Change Your Core and Change Your Life

By: Dr. Corey Finan DC and Ellen Rossiter, PT

What is the “Core”

The “Core” in human terms is used to describe a series of musculoskeletal tissues that function together to provide a rigid structure by which the torso is able to transmit power from the upper body to the lower body and vice versa. Together they comprise most of the muscles, ligaments, and tendons of the body in some manner.

This area of the body is integral to human movement because in order for an individual to product correct motions and actions (walking, running, throwing, etc) there must be a fixation point on the axial skeleton that can provide stabilizing action for the extremity muscles to move from.

The core muscles are made up of the muscles from the whole back, including deep rotator muscles that stabilize the spine and long muscles that stabilize one’s torso. Of course, everyone has heard of the abdominal muscles too, and their contribution to the core. These include Transverse Abdominus, Rectus Abdominus, and the Abdominal Obliques.

Most people forget this aspect, but there are also muscles from the hip that contribute to the core, including the Psoas and the Adductors in the front, and the Gluteal Muscles and Hamstrings in the back.

Another important group of muscles that play a role are those of the Pelvic Floor which form the bottom of the pelvis and contribute to overall intra-abdominal pressure creation.

Perhaps the most important muscle involved in core control is the Diaphragm.

Functional Stabilization

As you can see, there are many muscles that make up and contribute to the ‘Core’ that we all hear so much about and if one muscle (even part of one, such as with a trigger point) is dysfunctional then the entire stabilizing function is disrupted and the quality of movement is compromised.

So Why Does My Back Hurt and How is it Related to My Core?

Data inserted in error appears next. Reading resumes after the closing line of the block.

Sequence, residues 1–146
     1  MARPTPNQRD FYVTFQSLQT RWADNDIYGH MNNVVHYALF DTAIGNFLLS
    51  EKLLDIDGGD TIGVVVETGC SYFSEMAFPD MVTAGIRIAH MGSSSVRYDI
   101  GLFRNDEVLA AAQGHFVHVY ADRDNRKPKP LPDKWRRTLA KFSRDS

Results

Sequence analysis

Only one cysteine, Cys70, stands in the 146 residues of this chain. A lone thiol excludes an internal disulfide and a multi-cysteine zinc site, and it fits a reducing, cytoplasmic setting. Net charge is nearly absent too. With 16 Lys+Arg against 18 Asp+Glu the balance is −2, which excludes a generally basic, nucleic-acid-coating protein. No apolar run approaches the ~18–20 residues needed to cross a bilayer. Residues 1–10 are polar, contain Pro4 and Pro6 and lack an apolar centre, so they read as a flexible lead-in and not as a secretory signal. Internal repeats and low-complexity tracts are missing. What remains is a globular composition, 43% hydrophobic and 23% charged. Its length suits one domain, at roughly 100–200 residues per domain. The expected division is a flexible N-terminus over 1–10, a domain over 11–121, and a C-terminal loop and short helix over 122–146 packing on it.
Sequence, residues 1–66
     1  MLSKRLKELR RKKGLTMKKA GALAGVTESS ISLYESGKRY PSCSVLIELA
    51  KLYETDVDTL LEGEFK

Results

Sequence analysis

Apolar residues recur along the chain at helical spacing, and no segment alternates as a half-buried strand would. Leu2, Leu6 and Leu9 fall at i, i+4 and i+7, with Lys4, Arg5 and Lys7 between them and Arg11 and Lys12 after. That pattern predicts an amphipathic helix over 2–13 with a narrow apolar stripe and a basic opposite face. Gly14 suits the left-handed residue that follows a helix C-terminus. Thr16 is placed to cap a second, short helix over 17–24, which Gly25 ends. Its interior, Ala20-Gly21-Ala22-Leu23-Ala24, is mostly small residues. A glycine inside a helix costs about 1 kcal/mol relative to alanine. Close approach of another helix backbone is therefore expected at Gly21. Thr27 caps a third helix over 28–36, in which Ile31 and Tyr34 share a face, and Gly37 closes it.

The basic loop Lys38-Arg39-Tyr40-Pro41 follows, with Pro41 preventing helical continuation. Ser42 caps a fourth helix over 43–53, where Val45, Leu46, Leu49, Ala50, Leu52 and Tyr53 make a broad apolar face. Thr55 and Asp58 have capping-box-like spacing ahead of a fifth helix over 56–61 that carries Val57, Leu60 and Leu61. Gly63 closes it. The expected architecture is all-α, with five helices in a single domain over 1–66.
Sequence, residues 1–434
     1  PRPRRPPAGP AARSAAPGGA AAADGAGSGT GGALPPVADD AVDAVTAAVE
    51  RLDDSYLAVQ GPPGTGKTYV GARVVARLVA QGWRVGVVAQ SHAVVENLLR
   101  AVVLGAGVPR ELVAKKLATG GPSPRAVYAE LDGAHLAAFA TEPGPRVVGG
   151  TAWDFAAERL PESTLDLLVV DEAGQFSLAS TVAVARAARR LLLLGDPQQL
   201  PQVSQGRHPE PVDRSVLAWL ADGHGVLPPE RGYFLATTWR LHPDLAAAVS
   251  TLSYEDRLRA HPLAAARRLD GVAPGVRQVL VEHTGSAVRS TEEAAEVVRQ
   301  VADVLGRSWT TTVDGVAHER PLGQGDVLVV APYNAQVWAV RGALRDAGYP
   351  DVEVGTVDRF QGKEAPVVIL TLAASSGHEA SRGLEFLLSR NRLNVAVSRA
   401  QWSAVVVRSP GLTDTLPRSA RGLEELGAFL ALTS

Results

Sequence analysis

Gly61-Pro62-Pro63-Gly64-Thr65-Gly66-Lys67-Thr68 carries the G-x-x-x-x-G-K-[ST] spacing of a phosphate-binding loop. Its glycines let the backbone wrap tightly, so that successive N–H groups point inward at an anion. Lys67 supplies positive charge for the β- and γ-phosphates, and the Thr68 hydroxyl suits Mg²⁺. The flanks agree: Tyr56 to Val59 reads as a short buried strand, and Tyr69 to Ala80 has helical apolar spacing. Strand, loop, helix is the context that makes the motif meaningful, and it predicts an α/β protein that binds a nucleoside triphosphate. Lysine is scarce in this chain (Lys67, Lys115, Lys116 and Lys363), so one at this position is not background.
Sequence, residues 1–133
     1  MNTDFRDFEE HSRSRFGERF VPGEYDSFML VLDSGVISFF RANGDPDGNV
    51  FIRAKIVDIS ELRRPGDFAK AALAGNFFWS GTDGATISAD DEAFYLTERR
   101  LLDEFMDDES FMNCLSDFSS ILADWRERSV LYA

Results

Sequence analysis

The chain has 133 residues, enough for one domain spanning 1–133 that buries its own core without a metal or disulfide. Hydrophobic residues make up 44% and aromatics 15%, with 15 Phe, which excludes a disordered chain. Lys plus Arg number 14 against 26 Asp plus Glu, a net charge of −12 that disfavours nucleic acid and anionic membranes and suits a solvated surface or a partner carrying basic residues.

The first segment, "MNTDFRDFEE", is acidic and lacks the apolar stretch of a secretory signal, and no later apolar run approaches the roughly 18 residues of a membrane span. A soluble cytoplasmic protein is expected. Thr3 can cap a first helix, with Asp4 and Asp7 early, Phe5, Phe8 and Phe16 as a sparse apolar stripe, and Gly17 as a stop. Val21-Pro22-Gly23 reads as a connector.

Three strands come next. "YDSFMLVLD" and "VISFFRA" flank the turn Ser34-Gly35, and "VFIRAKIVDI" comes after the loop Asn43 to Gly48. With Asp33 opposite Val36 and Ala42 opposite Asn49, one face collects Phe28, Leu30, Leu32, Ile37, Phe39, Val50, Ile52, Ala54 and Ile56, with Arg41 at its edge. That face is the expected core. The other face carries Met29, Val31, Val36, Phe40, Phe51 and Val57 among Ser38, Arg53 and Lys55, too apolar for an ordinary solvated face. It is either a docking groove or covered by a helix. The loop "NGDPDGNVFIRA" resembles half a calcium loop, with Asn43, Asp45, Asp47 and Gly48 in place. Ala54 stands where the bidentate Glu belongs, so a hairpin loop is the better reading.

Here are a few reasons why one might experience back pain from an issue with the core:

And here are some more specific examples:


 Previous injury



What Can You Do to Ensure a Strong Core?

A great place to start is with your breathing! That diaphragm muscle that we mentioned above is both a muscle of respiration and a postural muscle. Correction of a faulty respiratory pattern is actually integral to the success of any rehabilitation program that aims to address the movement system.

Here is how you might practice and strengthen this muscle and pattern:

It sounds simple but it really can take some practice to ensure you’re doing this right. Once you’ve mastered this first step to building your core, you can move on to more challenging groups of exercises. Did you know that you can book in with your chiropractor or physiotherapist if you think your core is related to your back pain or movement issues? They can assess where you are at and help to build a safe and effective set of exercises to help you change your core, and change your life!

*This blog is not intended to officially establish a physician-patient relationship, to replace the services of a trained physician, naturopathic doctor, physical therapist or chiropractor or otherwise to be a substitute for professional medical advice, diagnosis, or treatment.